The Stewards have heard evidence from Pat Symonds, Technical Director of Mild Seven Renault F1 Team, from Jo Bauer, FIA Formula One Technical Delegate and Charlie Whiting of the FIA F1 Technical Department.

The Stewards have considered the following documents -

1. 13th September 2005 Memo Pat Symonds to Charlie Whiting
2. 17th July 2006 TD/020-06 Charlie Whiting to All F1 Teams
3. 21st July 2006 Memo Pat Symonds to Charlie Whiting
4. 27th July 2006 TD Report Jo Bauer to Stewards
5. 27th July 2006 Memo Pat Symonds to Charlie Whiting
6. 2006 FIA Technical Regulations

The document referred to at 5 above actually bears the date 30/03/2006 but was by agreement accepted as being of today's date i.e. 27th July 2006.

The facts as presented by Pat Symonds on behalf of Mild Seven Renault F1 Team are that -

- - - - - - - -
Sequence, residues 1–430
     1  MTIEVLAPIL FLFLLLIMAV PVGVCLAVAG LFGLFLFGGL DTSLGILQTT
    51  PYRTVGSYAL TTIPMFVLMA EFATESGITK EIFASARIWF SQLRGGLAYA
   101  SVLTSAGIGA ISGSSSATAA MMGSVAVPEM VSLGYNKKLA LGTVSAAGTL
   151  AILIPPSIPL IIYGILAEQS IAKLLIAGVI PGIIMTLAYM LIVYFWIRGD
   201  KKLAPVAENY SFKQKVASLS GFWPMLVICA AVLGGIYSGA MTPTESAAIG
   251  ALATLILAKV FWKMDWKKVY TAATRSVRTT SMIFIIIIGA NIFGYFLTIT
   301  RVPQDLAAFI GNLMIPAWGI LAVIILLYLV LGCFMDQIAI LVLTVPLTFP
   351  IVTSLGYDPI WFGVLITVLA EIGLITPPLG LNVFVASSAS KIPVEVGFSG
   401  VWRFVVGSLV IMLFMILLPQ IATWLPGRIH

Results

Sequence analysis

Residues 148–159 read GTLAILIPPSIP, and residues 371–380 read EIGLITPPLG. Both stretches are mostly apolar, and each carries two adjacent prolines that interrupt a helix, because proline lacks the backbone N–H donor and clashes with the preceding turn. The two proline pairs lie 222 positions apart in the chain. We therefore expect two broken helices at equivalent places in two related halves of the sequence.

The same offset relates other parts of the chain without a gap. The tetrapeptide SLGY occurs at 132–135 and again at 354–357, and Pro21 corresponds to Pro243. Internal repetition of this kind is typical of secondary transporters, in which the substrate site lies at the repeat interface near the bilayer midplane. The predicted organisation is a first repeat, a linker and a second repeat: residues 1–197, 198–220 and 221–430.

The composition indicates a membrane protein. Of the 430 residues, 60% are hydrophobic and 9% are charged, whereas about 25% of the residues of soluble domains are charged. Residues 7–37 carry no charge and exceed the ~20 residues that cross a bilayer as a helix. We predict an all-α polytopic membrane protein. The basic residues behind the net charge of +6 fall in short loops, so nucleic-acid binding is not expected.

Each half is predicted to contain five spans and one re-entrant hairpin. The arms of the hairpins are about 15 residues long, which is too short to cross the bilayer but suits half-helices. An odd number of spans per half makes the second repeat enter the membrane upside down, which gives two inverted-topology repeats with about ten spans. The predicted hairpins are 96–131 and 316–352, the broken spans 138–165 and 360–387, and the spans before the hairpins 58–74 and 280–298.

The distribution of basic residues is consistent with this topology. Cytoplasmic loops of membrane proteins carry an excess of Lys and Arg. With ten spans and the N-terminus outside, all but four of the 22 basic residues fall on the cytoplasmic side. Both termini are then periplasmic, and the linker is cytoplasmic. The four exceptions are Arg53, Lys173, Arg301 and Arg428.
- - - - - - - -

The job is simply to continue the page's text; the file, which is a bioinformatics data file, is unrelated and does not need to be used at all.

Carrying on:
A device known as a mass damper was fitted within the nose of their car in September 2005. This is the item referred as a "dynamic chassis damper system" referred to in document 1 above. The car was raced utilising the mass damper for the remainder of the 2005 Championship season.

A similar device was fitted to the 2006 team cars and they have raced utilising the mass damper throughout the current championship.

It is accepted by the FIA T1 Technical Delegate that some 7 teams have used a similar mass damper in their cars during the championship year to date.

On 21st July 2006 the memo referred to at 3 above was circulated to all F1 Teams advising that until that date the view was held that the widespread use of mass dampers did not contravene the F1 Technical Regulations.